Purpose: We conducted this case-control study to determine the role of 2 neuropsychologic variables (sleep and depression) as possible risk indicators for the development of temporomandibular disorders (TMD). Materials and Methods: Neuropsychologic tests, traditional signs and symptoms of TMD, and social and economic variables were analyzed. Seventy-two predominantly muscle-related TMD patients (Research Diagnostic Criteria for TMD groups Ia, Ib, and IIIa) and 30 age- and sex-matched pain-free controls were included in the population. Results: Overall, TMD patients had statistically significantly higher sleep and depression scores on the Sleep Assessment Questionnaire and on the Brazilian Portuguese version of the Beck Depression Inventory, with odds ratios of 5 and 1.6, respectively. These results remained unchanged even after controlling for 8 confounders in the logistic regression analysis. Spontaneous pain and pain on palpation (grade 2 or higher) were also statistically significantly worse in TMD patients. In the forward-step logistic regression analysis, we also found that the combination of our best TMD predictors (ie, sleep, cigarettes, alcohol) had a better predictive value (percent agreement = 78.69%) than when the variables were analyzed alone. Conclusion: Sleep and depression are considered important risk indicators for the development of TMD.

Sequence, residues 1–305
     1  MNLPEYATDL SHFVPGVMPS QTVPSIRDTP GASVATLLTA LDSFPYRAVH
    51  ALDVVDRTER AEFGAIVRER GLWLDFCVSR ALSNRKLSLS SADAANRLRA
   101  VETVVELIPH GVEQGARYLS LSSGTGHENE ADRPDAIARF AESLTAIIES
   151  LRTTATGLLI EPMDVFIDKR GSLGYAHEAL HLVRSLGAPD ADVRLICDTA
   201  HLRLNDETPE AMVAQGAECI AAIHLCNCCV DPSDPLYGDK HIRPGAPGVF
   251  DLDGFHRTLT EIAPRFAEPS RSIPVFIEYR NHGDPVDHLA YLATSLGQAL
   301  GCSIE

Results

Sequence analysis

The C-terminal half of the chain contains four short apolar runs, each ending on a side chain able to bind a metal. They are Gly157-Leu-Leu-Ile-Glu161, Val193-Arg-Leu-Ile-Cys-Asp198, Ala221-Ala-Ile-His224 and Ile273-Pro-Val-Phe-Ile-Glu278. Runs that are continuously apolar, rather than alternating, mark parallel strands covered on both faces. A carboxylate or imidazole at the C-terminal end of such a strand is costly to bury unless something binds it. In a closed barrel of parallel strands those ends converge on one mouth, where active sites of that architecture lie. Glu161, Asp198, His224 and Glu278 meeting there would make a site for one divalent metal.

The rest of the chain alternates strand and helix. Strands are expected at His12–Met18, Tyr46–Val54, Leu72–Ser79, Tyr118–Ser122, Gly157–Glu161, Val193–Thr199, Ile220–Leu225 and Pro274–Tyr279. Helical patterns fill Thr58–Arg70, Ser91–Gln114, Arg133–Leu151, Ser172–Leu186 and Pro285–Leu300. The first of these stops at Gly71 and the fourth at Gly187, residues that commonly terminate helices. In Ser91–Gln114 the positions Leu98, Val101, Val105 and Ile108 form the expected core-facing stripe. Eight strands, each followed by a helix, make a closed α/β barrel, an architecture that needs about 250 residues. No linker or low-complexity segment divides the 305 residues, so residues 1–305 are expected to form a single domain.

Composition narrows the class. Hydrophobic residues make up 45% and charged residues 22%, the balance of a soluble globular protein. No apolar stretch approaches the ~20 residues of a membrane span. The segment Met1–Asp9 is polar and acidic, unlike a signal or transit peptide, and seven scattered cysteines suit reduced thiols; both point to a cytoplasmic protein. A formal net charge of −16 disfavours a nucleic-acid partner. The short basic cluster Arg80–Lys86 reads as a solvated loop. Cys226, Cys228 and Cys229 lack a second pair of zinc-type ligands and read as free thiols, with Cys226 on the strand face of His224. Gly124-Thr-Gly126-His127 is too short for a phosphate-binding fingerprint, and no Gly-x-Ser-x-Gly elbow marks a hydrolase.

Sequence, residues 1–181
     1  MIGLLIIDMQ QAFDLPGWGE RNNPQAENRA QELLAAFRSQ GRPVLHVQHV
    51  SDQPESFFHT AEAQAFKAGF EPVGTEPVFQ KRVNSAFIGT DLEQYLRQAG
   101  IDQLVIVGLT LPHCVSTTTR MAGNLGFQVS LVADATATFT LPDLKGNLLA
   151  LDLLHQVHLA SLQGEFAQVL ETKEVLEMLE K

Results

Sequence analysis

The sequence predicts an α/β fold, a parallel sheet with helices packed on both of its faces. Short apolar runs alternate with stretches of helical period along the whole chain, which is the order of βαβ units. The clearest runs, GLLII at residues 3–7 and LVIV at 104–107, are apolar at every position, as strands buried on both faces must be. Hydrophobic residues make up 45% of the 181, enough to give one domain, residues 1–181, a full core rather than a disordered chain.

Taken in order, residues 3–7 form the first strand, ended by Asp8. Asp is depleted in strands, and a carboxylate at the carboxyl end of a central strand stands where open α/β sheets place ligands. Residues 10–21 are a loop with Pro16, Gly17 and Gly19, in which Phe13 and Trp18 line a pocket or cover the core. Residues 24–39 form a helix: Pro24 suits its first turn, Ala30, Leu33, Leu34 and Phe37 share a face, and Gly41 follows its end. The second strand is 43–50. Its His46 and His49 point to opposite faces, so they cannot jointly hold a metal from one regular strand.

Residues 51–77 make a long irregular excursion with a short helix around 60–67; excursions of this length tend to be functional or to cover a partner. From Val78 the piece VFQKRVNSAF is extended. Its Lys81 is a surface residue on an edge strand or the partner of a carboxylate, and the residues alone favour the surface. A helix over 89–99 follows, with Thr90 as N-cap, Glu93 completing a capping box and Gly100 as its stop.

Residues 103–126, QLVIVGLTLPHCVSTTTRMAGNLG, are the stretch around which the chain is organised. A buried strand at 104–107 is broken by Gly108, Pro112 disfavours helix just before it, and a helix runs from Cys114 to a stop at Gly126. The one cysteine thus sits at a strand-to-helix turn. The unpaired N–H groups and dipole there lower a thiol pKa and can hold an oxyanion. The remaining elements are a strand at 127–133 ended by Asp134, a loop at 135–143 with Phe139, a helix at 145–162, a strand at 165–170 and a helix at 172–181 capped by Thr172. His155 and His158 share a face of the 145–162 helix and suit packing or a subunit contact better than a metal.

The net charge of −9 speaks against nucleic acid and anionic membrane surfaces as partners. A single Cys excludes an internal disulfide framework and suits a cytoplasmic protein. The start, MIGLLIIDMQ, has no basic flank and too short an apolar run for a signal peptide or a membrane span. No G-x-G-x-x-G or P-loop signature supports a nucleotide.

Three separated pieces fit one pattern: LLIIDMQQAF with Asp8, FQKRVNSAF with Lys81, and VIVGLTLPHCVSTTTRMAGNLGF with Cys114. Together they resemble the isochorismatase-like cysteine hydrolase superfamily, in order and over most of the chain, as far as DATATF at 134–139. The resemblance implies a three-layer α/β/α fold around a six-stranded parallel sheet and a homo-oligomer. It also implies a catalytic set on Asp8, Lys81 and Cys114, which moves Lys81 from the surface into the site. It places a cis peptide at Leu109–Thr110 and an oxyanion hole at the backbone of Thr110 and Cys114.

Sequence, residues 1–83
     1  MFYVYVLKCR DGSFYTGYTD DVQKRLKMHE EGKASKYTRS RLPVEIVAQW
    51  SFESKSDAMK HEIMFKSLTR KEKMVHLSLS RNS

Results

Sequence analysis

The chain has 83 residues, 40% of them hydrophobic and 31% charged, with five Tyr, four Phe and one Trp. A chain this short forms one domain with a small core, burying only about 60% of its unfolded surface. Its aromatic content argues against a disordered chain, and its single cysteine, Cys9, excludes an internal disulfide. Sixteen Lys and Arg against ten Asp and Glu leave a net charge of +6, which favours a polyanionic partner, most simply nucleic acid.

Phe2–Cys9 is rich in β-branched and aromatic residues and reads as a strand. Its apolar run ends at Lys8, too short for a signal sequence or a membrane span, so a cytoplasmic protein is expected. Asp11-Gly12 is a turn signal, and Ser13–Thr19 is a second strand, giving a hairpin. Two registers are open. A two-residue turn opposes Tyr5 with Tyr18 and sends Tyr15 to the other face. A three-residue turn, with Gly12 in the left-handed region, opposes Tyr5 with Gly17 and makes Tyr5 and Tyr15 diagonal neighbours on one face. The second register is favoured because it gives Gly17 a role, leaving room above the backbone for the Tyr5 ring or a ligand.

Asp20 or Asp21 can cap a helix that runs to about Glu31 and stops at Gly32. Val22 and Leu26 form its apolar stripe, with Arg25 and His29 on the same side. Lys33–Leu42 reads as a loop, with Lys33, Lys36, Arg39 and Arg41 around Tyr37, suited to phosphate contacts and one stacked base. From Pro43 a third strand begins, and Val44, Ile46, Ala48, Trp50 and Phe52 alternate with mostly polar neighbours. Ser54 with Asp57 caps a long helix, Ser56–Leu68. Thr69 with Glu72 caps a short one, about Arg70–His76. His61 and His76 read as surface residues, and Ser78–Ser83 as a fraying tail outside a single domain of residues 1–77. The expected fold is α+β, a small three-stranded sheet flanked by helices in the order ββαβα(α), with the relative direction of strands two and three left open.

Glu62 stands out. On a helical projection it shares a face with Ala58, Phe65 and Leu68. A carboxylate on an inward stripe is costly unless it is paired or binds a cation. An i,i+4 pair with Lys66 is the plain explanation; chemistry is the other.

Int J Prosthodont 2006;19:154–161